Williamson County Office of Emergency Management coordinator

Jarred Thomas has served as coordinator of the Williamson County Office of Emergency Management, or OEM, since its inception in October 2008. The office serves cities and jurisdictions in the county that do not have their own emergency management plans by coordinating and planning for large-scale incidents, such as hazardous material spills, floods or icy roads. It also assists fire departments and paramedics in resource allocation in events such as forest fires and housing hurricane evacuees by providing support mechanisms to incident commanders to help manage situations.

What does the OEM do for Williamson County?

We have one overarching plan, which is our emergency management plan, and we have 22 functional [sections] that touch on specific topics or areas of concern [such as] fire, terrorism, evacuation [and] public health. I dont fight fire. Im not a paramedic. Im not a police officer. We coordinate and work with all of those entities to come up with plans that will work with one another.

Emergency management really is that conduit that brings all of those pieces together to be able to manage a significant disaster. We dont deal with everyday wrecks. We deal with your not-normal or your very large-scale incidents where you need all of those groups or agencies participating together.

What we do is facilitate the application of the plans. A lot of what we do is resource allocation and management.

What are your responsibilities as coordinator?

We help individuals try to recover from disaster, or we look for funding or ways to recover for the public infrastructure side. If we were to have a presidentially declared disaster, then we would be working on the recovery piece of that as well. A lot of it is identifying projects and working with all of those other groups to facilitate the recovery process.

Its a lot of planning, a lot of training and a lot of coordination. We work with our counterparts within the county, and then we work with our counterparts regionally. We have a very strong regional partnership with all the emergency management agencies within the 10-county region.

What are some examples of how the OEM has helped the county?

One of the smaller jurisdictions had a water failure. They needed assistance in trying to figure out how they were going to provide potable water to their city during this event.

Its really about being able to bring whatever resources are needed to that local jurisdiction. The county wasnt responsible for paying for their issue. We werent paying for the water to be hauled in. All we did was facilitate the water being trucked in.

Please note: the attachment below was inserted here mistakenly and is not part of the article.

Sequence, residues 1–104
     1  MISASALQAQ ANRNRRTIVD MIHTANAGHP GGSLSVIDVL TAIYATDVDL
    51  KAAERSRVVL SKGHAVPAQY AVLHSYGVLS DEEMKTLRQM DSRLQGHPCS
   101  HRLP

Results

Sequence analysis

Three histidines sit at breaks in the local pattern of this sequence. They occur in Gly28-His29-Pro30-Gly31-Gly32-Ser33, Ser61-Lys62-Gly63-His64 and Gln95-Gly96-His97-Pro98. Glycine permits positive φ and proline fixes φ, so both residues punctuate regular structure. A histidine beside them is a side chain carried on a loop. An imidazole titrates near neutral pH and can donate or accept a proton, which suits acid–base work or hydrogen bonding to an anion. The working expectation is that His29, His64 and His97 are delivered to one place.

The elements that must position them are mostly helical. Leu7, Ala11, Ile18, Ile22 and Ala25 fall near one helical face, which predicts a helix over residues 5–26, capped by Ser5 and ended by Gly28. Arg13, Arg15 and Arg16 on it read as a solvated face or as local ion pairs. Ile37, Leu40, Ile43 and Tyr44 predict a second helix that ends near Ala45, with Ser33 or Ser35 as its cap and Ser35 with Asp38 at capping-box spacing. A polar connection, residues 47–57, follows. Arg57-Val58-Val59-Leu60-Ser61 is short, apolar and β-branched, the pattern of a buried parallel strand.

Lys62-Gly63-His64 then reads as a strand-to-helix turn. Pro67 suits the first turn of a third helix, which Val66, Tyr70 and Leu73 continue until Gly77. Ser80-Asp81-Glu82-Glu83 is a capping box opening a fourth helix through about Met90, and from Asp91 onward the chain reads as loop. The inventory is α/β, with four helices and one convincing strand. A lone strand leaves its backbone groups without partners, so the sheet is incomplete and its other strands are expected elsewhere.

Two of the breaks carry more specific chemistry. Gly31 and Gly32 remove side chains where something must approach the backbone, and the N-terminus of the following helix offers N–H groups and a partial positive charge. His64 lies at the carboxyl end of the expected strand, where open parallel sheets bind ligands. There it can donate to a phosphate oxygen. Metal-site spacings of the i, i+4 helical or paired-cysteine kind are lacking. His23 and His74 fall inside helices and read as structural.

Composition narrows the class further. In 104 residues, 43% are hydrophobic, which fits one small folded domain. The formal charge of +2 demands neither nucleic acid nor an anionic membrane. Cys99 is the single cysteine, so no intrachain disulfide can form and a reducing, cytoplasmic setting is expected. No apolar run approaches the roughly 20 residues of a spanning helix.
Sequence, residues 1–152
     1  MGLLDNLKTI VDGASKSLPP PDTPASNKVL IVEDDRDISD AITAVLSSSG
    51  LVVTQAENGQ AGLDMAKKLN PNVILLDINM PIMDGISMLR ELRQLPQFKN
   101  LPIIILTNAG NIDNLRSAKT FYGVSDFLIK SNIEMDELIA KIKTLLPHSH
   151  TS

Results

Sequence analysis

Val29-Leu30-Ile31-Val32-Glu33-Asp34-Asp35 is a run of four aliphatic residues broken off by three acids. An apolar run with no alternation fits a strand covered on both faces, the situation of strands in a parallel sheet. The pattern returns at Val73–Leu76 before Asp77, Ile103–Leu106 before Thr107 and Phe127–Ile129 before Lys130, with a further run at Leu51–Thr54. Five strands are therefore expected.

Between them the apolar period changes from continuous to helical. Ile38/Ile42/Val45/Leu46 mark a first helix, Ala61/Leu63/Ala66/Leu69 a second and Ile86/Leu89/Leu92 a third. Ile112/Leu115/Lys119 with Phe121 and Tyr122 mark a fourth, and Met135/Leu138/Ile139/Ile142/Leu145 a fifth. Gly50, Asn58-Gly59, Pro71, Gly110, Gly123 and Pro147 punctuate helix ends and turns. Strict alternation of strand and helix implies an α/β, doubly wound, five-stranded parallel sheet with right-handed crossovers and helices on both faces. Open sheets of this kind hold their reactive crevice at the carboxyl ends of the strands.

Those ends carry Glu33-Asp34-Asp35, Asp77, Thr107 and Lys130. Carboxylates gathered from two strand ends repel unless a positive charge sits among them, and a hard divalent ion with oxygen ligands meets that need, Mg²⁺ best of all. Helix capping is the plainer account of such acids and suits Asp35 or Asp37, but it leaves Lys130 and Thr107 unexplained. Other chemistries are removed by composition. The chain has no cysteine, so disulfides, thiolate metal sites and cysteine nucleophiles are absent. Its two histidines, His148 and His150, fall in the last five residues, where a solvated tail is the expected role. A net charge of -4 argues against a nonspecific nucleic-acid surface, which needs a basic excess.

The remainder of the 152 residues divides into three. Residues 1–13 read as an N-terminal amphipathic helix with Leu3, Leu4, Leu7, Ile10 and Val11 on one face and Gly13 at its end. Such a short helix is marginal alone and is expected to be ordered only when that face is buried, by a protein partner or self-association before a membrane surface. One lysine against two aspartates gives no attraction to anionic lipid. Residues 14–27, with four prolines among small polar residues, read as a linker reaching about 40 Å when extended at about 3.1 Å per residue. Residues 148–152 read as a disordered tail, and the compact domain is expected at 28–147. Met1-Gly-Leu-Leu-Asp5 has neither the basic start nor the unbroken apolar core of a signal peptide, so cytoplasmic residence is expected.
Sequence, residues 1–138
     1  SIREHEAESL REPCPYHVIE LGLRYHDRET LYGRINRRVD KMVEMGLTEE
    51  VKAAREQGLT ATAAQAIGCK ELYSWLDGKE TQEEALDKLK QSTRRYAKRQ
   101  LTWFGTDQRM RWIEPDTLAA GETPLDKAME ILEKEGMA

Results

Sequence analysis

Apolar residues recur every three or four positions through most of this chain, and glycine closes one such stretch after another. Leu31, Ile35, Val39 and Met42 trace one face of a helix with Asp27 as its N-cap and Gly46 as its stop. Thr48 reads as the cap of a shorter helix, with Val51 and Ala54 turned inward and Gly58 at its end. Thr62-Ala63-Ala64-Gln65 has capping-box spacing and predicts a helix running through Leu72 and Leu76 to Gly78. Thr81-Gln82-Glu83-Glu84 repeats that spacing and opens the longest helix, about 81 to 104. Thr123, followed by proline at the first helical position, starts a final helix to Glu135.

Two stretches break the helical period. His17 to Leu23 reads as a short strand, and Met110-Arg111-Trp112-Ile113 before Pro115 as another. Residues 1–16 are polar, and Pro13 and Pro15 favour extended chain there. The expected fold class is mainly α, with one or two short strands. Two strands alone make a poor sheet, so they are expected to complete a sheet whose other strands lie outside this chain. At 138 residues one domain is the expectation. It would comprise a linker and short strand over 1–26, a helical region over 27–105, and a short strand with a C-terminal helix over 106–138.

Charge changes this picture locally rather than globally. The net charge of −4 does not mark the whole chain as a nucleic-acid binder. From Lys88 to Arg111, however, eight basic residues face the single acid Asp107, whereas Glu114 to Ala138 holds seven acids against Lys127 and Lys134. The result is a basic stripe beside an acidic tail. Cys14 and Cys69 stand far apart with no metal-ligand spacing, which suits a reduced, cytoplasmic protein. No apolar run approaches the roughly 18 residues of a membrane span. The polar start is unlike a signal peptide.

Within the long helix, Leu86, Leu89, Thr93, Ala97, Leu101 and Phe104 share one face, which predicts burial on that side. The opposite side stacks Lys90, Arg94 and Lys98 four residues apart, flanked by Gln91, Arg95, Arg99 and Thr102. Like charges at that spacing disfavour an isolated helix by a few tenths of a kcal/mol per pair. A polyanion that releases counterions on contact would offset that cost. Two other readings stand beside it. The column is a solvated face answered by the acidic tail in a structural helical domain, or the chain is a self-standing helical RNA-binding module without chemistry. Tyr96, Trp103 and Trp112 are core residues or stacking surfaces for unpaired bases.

We are in the process of obtaining grant funds for a large hazard mitigation project for the regional park. Theres a low water crossing there. We want to mitigate, or get rid of, the low water crossing. To get rid of it we have to build a bridge or put up barricades.

The hazard mitigation plan were [also] working on now is for fire fuel reduction to help guard against wildfires that would either come into the park, or if it were started in the park, help keep it from getting out of the park.

How did you get involved in emergency management?

I actually transferred over to this position from [emergency medical services] in 2008. I left there as a shift commander and paramedic. I came over here when the county started this department. Until 2008, there was not an office of emergency management.

Before that, I did work in industrial safety and emergency preparedness for hospitals and for Dell [Inc.]. I did safety and a lot of emergency preparedness stuff, which was kind of a segue into when I was working for EMS. We did a lot of the emergency management planning even when I was working as a paramedic. It was kind of just a natural progression to where Im at today.

At what point in a disaster does the OEM get involved?

For the ice storms, because it is a countywide event to begin with, we get involved right from the beginning because its going to take countywide coordination to resource [it]. Say for a wildfire or something, we may get notified, but as far as becoming active or activating the emergency operations center and calling folks, its going to have to [be] significant. If its going to stretch beyond eight or 10 hours, youre looking for logistics to help feed and water the responders. If there are any significant evacuations or sheltering operations, then were going to get involved in that.

ESOC and seasonal threats

The Office of Emergency Management is one of several offices housed in the Williamson County Emergency Services Operations Center, which opened at 911 Tracy Chambers Lane in August 2012.

Parts of the sheriffs office, the Hazardous Materials Response Team, Williamson Counties and Cities Health offices and the countys emergency communications center are based in the building.

All offices work year-round to manage threats to public health and safety, Emergency Management Coordinator Jarred Thomas said. While wildfires are a year-round threat, others are seasonal:

Winter Ice on roadways

Spring Severe weather such as thunderstorms and tornadoes

Summer Fires, if conditions are dry, and hurricanes, which can cause heavy rains or require coordinating housing for evacuees from coastal areas

Fall Flooding